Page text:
Mike's Song starts Set 2, and Trey is all over the place, improvising all over the verses, another sign that Trey is completely TUNED IN! Great stuff. The tramps section starts off dark, and in the usual minor key (I don't know shit about music, I don't know why I type stuff like that, I hope I'm right). Fish is feeding off of Trey, and they are simply killing it. I can imagine the strobes and fog pouring off the small stage. Must've been a blast to be there. Second jam hits. Man, I wish they would still do the second jam. Hints of Simple, before Trey finds a new riff, and Page shines for a bit. Stop and start type jamming, kind of. They then enter what I am dubbing "the elf jam." If Leprechauns were to play music, it would sound like this (not to be confused with Leprechaun). Back into Mike's. That was beautiful.

Mike's Song > ....Faht???? How about that. I've actually seen this song twice, both times were very confusing. This one got me as well. I wasn't expecting it. Was trying to figure out what the hell they were going to play, when I realized that they were "playing" Faht (or Windham Hell). Between the crowd whistles, it totally confused me. I couldn't hear Fish playing his out of tune guitar for crap though. Must've been acoustic, unplugged.

Foghorn > Weekapaug Groove. They're having so much fun. Strangely, as they're singing the tempo speeds up a bit. Mike sounds great, intertwining with Trey. Wonderful Weekapaug. Great middle, with stop and go jamming, with Fish filling in the holes. Love it! Trey's blasting great notes. Wow. This is why I love Phish. Great Gypsy Queen tease. The Weekapaug then gets real mellow, and Trey plays some great melodic licks before they all fall in line into a descending jam which goes up and down. Damn. It then vamps into a vampy jam. Vamp! Moundish. Fitting that they play it next. Jam speeds up into what sounds like the Big Ball Jam, but that is to come later in the set. Possum jam of sorts. Back into signature Weekapaug riff. But they still take it out for another spin. Weekapaug Grooving around St. Louis. Into main outro of Weekapaug, with singing. This should be in the jamming chart.

Mound > It's Ice. I'm assuming Fish does his "dance" on his seat, and Trey and Mike were on slide boards (you can hear the crowd cheering real loud for no apparent reason), that one would pretend to ice skate on, sliding side to side). My Friend with acoustic intro (love that!). Fantastic outro to Knife. Really playing around their vocals there. Poor Heart, and Big Ball Jam.

Something happened at the end of BBJ to elicit an "aw, man!" from Fish. Did someone knock the ball way outside of the "hoop" Trey and Mike made with their arms? I think that's probably it. No net.

Take the "A" Train (great bass solo!!!) followed by a badass Good Times Bad Times, with another atypical jam after Page belts out his lines. Short but sweet, with semi stop start jamming again. Damn, this show is sick.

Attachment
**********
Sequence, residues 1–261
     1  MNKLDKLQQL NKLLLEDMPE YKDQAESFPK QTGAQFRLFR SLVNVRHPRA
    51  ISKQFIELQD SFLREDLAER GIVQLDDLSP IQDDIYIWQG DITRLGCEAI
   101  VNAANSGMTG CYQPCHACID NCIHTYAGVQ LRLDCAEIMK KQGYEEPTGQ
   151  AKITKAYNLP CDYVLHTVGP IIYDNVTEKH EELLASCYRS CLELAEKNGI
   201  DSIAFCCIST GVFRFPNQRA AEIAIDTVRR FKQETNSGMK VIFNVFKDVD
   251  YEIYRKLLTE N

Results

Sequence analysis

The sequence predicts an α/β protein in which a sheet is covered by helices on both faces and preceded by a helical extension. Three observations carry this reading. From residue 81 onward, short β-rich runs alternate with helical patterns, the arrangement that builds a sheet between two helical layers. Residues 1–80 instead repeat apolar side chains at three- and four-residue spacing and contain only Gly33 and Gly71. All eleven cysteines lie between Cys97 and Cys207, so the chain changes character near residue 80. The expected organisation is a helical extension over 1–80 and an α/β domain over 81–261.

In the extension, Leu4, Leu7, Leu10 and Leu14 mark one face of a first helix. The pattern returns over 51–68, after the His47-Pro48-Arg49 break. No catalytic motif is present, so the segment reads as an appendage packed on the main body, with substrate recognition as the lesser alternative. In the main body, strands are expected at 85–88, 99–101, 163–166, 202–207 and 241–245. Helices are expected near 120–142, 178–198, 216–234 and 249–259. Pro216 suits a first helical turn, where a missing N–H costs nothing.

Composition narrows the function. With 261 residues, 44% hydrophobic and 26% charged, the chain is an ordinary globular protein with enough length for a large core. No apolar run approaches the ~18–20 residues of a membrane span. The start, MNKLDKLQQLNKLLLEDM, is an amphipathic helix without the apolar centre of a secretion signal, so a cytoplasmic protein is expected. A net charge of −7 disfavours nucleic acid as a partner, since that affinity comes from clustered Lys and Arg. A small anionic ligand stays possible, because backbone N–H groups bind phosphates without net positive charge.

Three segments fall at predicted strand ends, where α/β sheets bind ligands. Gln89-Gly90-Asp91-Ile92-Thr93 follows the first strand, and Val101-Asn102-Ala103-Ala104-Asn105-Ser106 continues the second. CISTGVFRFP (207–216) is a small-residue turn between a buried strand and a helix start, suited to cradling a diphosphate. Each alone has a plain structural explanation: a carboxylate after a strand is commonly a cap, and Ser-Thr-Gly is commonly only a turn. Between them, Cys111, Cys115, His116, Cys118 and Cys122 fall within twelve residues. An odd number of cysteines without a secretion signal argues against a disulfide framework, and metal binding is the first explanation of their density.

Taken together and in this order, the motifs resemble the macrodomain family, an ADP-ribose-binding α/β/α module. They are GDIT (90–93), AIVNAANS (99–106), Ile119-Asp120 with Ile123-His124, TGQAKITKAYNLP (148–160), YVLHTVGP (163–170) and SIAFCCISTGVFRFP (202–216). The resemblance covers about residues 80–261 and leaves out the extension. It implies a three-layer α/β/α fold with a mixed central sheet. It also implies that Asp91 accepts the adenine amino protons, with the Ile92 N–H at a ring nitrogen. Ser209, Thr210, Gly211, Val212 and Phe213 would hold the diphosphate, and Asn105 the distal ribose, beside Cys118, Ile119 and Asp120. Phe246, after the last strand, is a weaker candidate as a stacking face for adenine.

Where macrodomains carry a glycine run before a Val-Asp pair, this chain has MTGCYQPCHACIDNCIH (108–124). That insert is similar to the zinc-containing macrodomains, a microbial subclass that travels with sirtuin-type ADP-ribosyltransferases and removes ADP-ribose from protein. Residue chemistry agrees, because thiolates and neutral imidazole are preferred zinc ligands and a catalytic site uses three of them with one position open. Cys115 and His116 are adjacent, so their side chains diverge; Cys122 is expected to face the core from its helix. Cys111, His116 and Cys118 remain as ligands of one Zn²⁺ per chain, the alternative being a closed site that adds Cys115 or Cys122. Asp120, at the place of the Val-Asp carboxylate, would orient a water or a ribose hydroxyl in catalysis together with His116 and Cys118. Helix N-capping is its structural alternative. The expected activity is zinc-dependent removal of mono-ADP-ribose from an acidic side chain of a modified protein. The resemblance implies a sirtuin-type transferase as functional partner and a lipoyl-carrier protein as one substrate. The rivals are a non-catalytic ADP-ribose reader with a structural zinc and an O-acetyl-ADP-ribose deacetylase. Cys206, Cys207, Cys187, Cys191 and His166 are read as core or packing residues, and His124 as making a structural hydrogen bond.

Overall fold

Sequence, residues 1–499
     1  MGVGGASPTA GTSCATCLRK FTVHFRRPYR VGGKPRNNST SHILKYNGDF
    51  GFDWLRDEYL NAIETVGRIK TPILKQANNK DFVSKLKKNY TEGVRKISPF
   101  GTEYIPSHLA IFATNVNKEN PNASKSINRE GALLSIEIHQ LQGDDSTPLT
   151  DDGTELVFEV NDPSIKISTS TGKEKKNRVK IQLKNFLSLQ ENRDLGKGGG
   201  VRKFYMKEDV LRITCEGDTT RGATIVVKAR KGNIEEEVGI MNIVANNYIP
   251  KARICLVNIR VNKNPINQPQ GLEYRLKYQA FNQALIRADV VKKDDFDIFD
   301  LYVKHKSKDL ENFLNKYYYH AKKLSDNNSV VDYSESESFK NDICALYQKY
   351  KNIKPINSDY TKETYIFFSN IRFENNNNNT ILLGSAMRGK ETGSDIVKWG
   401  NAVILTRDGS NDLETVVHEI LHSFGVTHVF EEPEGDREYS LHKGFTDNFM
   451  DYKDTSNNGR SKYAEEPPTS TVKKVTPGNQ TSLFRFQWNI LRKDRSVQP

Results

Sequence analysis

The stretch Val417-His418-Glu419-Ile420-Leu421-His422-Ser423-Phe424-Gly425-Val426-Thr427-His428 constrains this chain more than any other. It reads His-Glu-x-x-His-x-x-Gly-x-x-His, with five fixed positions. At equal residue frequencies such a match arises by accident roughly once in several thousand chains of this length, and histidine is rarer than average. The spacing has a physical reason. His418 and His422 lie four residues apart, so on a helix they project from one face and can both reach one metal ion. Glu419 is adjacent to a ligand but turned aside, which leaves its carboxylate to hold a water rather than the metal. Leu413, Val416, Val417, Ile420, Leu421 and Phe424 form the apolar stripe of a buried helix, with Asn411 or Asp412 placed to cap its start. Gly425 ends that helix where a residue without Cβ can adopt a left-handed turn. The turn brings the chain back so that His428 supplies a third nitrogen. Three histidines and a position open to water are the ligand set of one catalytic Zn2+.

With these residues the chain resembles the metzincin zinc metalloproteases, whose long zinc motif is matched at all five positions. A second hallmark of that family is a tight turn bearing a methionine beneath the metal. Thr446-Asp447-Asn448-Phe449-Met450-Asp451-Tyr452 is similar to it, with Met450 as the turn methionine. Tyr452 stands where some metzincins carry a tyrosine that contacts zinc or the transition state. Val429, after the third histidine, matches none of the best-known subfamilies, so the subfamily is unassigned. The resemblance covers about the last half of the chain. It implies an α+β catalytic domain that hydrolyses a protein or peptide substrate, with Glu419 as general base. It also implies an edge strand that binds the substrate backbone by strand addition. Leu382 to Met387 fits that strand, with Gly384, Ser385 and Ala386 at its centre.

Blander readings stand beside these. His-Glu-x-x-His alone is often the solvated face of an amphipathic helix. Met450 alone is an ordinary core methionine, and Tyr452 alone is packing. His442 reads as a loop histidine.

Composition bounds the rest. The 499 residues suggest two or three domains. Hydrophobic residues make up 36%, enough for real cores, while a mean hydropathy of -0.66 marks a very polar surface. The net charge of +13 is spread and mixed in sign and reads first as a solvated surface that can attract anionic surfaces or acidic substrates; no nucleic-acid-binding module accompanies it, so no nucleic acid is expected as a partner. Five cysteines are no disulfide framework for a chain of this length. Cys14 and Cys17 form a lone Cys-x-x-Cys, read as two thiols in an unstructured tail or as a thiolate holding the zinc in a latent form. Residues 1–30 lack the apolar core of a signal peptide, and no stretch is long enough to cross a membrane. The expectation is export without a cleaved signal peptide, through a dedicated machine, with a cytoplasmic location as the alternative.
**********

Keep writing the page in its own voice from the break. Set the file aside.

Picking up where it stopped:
Encore has an Amazing Grace without microphones, and Rocky Top to finish it off.

Glorious, Aug 93 show! 4 out of 5 stars. Will listen again. Many times.
, attached to 1993-08-16

Review by hewins

hewins This show was one of a few that I caught in this summer of 1993. A few days after the epic show at the Murat Theater in Indianapolis, we got back to St. Louis (where I lived at the time) for my second show at The American Theater.

Back on 4/14/93, Trey’s friend Roger Halloway got on stage and asked his girlfriend Jen to marry him (She said yes). And Trey made reference to Roger this night too. I think he was there again. So that was fun.

We managed to get right up to the front for this show and could sense something different about the mood right from the beginning. When Trey came out on stage he was uncharacteristically wearing a knit cap (and maybe sunglasses, I can't remember) and was acting energetic and a bit odd (looking back now, I am thinking high on something.) So, Axilla was a great, up-tempo opener. Right into a good Possum and then Horn. Horn was played quite well and I really love the composed section of this song.

As the above reviewer said, the Reba is the highlight for me. It's an amazing jam, with particularly great ideas and playing by Trey. It gets into a great mood right away in the jam and soars in a way that is not typical of the (possum-type) sawtooth soaring guitar notes followed by a period of dissonance and then back up to another soaring note. This was something different and special.

Sparkle was the overplayed song of that era and I usually could do without it. I feel like that song is their Bouncing Around The Room, mark II. In any case, the Foam was great and got to a completely silent section that was super fun to watch. I remember the Melt being great too, but it's totally out shined by the Reba. Just get a hold of this Reba and check it out. You won't be disappointed.